Violence and Alcohol: Are increased sentences the answer?

I have been reading about the new legislation proposed by Barry O’Farrell, the New South Wales Premier, in an effort to combat the presently alleged “epidemic” of alcohol fuelled violence sweeping through Sydney and its suburbs.  Let me start with this: my thoughts and prayers go out to those who have lost loved ones as a result of current “epidemic”.  Equally, those same thoughts and prayers go out to anyone who has lost a loved one to a violent act. There can be no excuse for unprovoked or excessive violence.

The focus on alcohol fuelled violence of late and the legislative enhancements that have been proposed to sentences for crimes arising whilst under the influence has bothered me because the focus, in my view, on the alcohol element seems to miss the point that any violence, unprovoked, excessive or otherwise, is, or ought be considered to be, abhorrent.  I am bothered by the perception that seems to arise that there are different levels of criminality there arises from an assault depending on whether one is under the influence of alcohol or not.

This is a chicken and egg scenario isn’t it? On the one hand it is suggested, or appears to be suggested, that by reducing the opportunities of some to drink will thereby reduce violence.  On the other hand the perception that arises from the legislation and the press would appear to be that only drunk people commit acts of unprovoked or excessive violence.

The latter statement must fundamentally be incorrect: simply put once does not need to be exclusively drunk (or otherwise under the influence) to act in a violent way.  I guess what I am saying is that violence is not the exclusive province of those who are drunk.

The former statement, again, is flawed.  For a start, some of the recent incidents of alcohol fuelled violence have occurred between 9pm and midnight being a time at which the proposed new lock out laws would have had the possibility of reducing the level of imbibement of alcohol of the individuals acting in a violent way.  Further, am I alone in thinking that locking people out of premises is counter intuitive to protecting the public from violent acts? A lock out after a certain period only adds to the number of people, intoxicated, walking around trying to find transportation home.  Surely then a lock out increases the risks of an incident happening.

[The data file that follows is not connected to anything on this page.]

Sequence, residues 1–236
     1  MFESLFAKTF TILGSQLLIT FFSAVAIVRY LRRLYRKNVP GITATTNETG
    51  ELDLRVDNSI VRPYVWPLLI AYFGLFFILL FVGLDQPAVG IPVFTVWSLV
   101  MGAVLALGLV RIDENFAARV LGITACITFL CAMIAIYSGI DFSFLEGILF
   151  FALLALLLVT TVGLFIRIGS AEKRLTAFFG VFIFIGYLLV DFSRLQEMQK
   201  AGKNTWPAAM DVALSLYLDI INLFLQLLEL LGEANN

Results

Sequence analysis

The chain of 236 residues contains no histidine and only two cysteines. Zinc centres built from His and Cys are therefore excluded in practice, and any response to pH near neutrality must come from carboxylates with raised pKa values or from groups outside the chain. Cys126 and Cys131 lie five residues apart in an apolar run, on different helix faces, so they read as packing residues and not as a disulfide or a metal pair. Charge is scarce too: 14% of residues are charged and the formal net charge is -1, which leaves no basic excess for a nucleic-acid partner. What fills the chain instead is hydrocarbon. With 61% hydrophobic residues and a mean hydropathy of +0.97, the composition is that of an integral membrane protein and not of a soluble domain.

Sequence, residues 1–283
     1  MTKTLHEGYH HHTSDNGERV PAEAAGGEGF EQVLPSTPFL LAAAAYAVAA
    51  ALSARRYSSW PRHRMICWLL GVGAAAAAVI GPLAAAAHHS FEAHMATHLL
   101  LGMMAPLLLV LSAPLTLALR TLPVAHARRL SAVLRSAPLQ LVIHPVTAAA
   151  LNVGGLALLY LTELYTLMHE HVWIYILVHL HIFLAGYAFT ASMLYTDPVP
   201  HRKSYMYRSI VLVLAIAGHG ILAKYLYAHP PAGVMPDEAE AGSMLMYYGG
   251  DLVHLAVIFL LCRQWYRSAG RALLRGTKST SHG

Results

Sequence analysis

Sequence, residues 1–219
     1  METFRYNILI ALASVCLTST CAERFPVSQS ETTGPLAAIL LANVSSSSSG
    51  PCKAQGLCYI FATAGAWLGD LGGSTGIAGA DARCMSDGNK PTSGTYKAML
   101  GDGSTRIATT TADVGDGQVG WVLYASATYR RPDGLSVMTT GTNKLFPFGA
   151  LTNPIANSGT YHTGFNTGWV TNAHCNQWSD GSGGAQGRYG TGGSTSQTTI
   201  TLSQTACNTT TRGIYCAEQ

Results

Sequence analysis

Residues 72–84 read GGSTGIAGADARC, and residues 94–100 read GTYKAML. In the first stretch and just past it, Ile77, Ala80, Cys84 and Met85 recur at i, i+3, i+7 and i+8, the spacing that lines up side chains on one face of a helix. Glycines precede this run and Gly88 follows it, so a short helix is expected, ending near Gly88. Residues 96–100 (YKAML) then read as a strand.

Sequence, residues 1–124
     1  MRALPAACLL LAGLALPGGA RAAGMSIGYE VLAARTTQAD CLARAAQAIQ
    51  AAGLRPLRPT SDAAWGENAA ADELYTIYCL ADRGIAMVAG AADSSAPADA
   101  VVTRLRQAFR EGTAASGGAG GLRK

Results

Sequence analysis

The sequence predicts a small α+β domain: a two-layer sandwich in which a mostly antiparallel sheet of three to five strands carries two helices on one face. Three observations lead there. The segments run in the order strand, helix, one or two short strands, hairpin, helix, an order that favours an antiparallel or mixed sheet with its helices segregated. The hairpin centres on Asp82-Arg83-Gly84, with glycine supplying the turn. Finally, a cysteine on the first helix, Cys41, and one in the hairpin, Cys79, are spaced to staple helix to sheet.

Maybe I am being too simplistic here but to me increasing the sentences available for alcohol induced violence whilst increasing the opportunities for said violence to occur completely misses the point.  Stopping the violence surely must be the best means of stopping alcohol fuelled violence not the other way around.  Afterall, how many drunks are going to stop themselves from acting in a violent way whilst drunk because they fear incarceration? Dealing with the violence and not the alcohol element of the violence must be the better way.

For me it comes back to something that I tweeted a while ago: regardless of the sentences available the prosecution of offenders and the sentencing of same to custodial sentences for all types of assaults is a great place to start deterring likely future offenders.  The perception that offenders are going to get away with acting in a violent way seems to have been begat by the phalanx of good behaviour bonds and suspended sentences we have seen in the past.

In addition, we, as a society, must get back to condemning violence of any kind for being exactly what it is: an abhorrent act of cowardice rather than celebrating same.   This is everyone’s responsibility and traverses education of kids and young adults, the punishment of those who commit violent acts and, frankly, the shaming of repeat offenders rather than their celebration.

I repeat what I said in the preamble: my thoughts and prayers go out to anyone who has lost a loved one to a violent act.  This post is not in any way designed to denigrate their collective memories.  I just do not think that what appears to be the current suggested “answer” (blaming alcohol) honours those memories and a broader approach needs to be taken to tackling the problem of violence of all types.